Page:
Engagement session

Discussion in 'Photography Beginners' Forum' started by jennhunter, Nov 14, 2009.

  1. jennhunter

    jennhunter TPF Noob!

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    I did an engagement session for my cousin-in-law last weekend. C&C Please :)




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    Last edited: Nov 14, 2009
  2. DScience

    DScience No longer a newbie, moving up!

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    I think you need a faster lens. To me, when you take photos in public like this, and the background is completely distinguishable, the subject (the couple in this case) just blends in to the background. That's why pros have pro glass, and that's why their subject in the photos pop and are isolated from the BG.

    There are cases where in focused BG is a good idea, but in my opinion it's rarely with portraiture.

    I think the last one could be the best, if you edited it a lil better. I think you should up the contrast, and curves / levels so it is more defined. It seems quite flat as it is, but I like it because it has a lot of emotion, it's sharp, and like I was sayi8ng the are very isolated from the BG.

    One more thing, it looks like you shot these when the sun was very prominent. I have found that shooting right after sunrise, or right before sunset makes for premium light. It's often referred to as the 'golden hour'.
     
  3. Inst!nct

    Inst!nct TPF Noob!

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    i dont think that telling the OP that they need to buy new equipment to get better is the right approach, im sure their lens are adequate as ive looked through her flickr and noticed some decent shots. What OP needs to do is lower the aperture so the couple is more in focus and the background is not, create more bokeh.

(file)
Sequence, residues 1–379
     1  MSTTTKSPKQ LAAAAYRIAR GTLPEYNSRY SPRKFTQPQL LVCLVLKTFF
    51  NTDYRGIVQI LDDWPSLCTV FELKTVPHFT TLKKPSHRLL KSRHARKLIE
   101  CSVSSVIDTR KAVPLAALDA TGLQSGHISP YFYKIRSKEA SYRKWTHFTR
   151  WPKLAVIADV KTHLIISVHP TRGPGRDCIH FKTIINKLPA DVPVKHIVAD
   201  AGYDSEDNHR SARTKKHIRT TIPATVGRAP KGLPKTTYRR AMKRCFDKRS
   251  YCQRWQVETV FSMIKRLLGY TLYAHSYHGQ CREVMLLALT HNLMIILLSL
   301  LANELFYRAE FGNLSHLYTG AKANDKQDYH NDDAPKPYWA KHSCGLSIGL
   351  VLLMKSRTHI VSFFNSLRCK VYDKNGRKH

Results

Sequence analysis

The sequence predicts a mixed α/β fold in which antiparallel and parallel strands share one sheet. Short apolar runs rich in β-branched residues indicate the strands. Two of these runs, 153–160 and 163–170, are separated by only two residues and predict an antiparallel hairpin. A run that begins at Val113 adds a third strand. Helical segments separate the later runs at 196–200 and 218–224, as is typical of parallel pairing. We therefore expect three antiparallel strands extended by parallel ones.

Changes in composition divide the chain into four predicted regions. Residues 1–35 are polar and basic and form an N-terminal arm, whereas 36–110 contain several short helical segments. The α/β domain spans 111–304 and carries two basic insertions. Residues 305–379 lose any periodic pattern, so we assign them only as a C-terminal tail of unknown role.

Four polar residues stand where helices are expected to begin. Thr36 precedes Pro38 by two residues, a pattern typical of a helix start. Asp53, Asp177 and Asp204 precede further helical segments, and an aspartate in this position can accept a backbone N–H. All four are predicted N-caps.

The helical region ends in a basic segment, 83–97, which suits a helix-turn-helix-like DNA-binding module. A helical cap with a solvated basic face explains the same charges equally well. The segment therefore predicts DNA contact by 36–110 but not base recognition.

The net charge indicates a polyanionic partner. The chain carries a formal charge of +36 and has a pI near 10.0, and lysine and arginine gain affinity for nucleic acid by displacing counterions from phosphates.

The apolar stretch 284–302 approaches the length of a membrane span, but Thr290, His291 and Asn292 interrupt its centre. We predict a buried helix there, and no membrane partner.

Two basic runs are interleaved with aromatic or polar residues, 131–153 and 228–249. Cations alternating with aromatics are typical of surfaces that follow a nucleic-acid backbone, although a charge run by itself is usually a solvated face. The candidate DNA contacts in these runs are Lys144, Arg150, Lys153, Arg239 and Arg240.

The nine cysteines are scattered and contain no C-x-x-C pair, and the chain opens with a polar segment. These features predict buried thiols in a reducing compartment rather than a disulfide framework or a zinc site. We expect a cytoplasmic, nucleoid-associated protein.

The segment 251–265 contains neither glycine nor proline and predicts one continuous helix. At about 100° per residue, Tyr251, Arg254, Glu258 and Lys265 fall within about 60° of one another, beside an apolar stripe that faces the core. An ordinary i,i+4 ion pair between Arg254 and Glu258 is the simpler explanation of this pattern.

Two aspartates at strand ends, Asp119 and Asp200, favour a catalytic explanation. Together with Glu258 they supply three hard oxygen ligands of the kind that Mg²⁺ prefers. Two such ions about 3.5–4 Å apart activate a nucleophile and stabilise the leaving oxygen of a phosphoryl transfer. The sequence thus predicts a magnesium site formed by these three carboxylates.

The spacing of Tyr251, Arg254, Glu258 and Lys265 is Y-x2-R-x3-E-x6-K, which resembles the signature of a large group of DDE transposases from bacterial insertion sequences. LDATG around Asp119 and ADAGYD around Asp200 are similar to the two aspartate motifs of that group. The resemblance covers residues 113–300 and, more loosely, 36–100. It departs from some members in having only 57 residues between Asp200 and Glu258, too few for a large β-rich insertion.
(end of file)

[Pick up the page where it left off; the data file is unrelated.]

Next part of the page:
Also these shots look very very posed, i was reading in the proffesional photography forum, notice reading not posting ;) , and they were saying that when taking pictures of couples and stuff like this, tell them to do something funny, like "bite each others nose", and that way you get real genuine shots, not these were their heads are angled just the right amount, and their smile is overly cheesy.
     
  4. DScience

    DScience No longer a newbie, moving up!

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    Maybe they should also shoot at something OTHER than f3.5 - 4 which EVERY shot on flickr are shot at.
     
  5. jennhunter

    jennhunter TPF Noob!

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  6. Inst!nct

    Inst!nct TPF Noob!

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    its fine in every picture then the 3rd one, thats not what OP needs to work on..
     
  7. Christie Photo

    Christie Photo No longer a newbie, moving up!

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    Well... there's some good advice here, but I think there's a better way to obtain the goal. This is achieved with a longer focal length lens and proper selection of a setting. Choose a setting that is "deep," affording some space between the subject(s) and the background. And, for the record, we call them lenses.